The Next Next President
Sebastian has moved on.
"Who is going to be the next president, daddy?" my four-year-old son asks impatiently.
"Barack Obama," I tell him.
"No, I mean after that."
Seabass has caught the perpetual campaign bug.
He was upset he couldn't vote last Tuesday; he's been a McCain aficionado since watching the war hero drive a tank over Obama in the JibJab election video. Plus, a certain five-year-old buddy of his -- a boy whom Sebastian looks up to because he is "superfast" -- was proselytizing for the GOP ticket.
On election eve, Sebastian insisted that his mom (whose distaste for the McCain candidacy would be hard to overstate) help him write "McCain" on a piece of paper, so he could pretend to cast his own ballot.
My son's reaction to the electorate's verdict: "ohhhhh nooooo." Then he became the only person in America to ask whether McCain can run again
This is all great fodder for future father-son bonding. Or maybe it's father-son ribbing. I can picture myself years from now, meeting Sebastian's college girlfriend over dinner and casually bringing up the fact that my son wanted to vote against Barack Obama in the 2008 election.
"Dad, I was four," he'll say, reddening, and kicking me under the table. The same "what are you doing?!" reaction I'd have when my parents would break out the pictures of my 1970's adolescence to share with others, a visual extravaganza featuring lots of polyester, acne, braces and really bad haircuts.
I am not terribly partisan, as readers of Stumped may have gathered, but Obama's win clearly puts the country on the right side of history. Voters sensed that Obama's innate wisdom trumped his relative inexperience, and it is now up to him to prove them right. To do so, he'll have to disappoint his most ardent supporters, win over skeptics and declare his independence from his party's more entrenched interests. He'll have to remain true to his "one America" manifesto from the 2004 convention and the idea that no one party holds a monopoly on good ideas, moral values or patriotism.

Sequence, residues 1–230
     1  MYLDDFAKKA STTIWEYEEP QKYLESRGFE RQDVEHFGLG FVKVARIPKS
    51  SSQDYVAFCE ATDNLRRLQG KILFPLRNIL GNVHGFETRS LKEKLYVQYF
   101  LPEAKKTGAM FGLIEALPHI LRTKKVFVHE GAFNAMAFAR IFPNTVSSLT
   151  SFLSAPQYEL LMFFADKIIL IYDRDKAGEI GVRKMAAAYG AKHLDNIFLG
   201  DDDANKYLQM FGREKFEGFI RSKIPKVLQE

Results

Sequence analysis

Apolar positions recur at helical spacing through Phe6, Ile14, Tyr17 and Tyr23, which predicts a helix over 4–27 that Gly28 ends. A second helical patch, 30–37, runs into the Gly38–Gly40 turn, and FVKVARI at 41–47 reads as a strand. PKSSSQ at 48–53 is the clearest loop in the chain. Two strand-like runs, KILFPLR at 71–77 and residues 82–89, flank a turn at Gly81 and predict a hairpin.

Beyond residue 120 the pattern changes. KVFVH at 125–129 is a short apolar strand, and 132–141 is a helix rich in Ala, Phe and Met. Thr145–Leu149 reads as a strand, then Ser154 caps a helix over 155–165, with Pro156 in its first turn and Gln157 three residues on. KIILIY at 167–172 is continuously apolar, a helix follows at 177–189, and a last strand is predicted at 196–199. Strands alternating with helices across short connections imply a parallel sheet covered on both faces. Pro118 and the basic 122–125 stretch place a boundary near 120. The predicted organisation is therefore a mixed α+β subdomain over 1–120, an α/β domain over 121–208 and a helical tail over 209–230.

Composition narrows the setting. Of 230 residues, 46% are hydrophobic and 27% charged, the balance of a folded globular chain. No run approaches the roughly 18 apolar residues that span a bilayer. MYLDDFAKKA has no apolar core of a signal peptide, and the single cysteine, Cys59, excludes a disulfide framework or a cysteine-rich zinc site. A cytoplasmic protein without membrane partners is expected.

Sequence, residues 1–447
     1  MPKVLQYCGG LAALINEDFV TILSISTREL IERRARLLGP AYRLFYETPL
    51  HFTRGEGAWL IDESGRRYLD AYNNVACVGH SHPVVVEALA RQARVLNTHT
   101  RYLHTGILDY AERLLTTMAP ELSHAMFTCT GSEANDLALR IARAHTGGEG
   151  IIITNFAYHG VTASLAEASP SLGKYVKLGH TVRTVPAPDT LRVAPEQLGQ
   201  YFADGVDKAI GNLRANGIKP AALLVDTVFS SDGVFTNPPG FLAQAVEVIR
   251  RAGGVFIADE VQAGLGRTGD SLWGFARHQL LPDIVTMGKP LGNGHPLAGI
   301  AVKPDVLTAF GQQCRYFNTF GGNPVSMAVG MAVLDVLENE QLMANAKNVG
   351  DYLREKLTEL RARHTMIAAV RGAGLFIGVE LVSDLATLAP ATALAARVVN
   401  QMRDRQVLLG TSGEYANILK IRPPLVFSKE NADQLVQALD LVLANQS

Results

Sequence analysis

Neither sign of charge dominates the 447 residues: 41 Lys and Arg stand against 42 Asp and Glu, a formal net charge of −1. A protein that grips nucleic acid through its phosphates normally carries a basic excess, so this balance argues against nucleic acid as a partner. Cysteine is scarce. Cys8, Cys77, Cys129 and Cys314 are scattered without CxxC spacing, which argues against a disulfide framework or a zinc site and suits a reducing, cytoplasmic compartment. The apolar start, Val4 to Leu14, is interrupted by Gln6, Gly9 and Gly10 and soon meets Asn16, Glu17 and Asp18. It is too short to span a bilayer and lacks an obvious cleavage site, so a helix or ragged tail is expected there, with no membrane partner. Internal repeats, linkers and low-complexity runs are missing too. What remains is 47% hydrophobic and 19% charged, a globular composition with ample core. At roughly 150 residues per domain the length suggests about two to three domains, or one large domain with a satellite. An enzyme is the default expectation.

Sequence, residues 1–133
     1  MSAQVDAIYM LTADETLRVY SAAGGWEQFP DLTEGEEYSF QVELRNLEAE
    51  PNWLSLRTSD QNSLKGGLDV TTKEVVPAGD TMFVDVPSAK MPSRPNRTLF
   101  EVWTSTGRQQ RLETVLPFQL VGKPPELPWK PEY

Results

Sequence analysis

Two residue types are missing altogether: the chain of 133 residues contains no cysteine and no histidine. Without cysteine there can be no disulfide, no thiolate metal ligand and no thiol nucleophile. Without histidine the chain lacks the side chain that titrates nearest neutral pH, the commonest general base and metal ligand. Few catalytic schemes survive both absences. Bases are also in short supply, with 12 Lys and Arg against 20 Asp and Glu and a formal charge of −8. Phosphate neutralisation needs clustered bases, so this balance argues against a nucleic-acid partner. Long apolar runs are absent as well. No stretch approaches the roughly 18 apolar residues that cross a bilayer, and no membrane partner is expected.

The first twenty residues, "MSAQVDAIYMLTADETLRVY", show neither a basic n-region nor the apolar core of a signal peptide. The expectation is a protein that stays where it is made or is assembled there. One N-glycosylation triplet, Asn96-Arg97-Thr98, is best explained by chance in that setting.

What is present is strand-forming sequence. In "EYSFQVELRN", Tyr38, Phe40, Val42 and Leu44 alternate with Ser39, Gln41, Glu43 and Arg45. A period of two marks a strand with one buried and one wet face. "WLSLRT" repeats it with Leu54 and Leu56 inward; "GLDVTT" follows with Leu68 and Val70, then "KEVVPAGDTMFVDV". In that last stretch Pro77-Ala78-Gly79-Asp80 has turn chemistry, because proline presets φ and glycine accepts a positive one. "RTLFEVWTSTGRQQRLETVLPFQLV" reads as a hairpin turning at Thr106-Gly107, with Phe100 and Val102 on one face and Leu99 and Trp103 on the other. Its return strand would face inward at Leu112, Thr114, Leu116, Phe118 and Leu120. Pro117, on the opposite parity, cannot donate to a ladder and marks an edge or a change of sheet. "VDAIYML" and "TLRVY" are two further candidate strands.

My hope is that Obama will prove such a strong, unifying leader that this election will appear as significant in retrospect, years from now, as it does at the moment. I tend to roll my eyes when people say this is the most important election of our lifetime, because we seem to say that every four years. But this one, I suspect, will stand out -- along with such sea changes as the 1932 or 1980 elections. But it is too soon to say.
It certainly was an entertaining year, and I was privileged to witness it and share it with you in this campaign-themed column, which must now be retired, along with all those yard signs and nasty TV ads.
I can't wait to tell Seabass as he grows older about Snipergate, my personal favorite mini-drama of the election year, when Hillary Clinton "misremembered" being shot at by snipers and having to run "zig-zag" after getting off a plane in Bosnia. (Maybe it was the unforgettable scene from "The In-Laws" with Peter Falk that confused her.) I can't wait to tell him about Sarah Palin's claim to be an expert on foreign policy because she could see Russia from her house (oh wait, that was Tina Fey). And about "Marcusgate" (as in Neiman Marcus and a certain little shopping spree).
But most of all, I will invoke this election year to Seabass at certain challenging moments as he grows up, when he may be worried about an opposing team's prowess on a sports pitch, or may be fretting about seemingly daunting odds in other endeavors.
I will tell him to think about Obama, and how this young senator with the funny name calmly, self-assuredly, took on what appeared to be one of the most formidable, well-endowed and predestined candidacies of all time (Hillary Clinton's, that is); about how he prevailed in the end, by believing in himself and in what he was doing, by sticking to his game plan without worrying about what the other candidates were or were not doing, to the point where Obama's confidence in himself became so contagious, by election day his once Quixotic candidacy was the one that was formidable, well-endowed, predestined.
The odds against you are not an immutable reality; they are largely what you think they are. That is the inspiring takeaway from this election, one to be relished for years to come.
As for making your peace with our next president, Sebastian, I suspect one of Obama's crucial decisions for his first 100 day in office -- getting his girls a puppy -- will help bring you into the fold.
Thanks to everyone for reading Stumped, and for all the great questions throughout the year.
By Andres Martinez |
November 8, 2008; 12:00 AM ET
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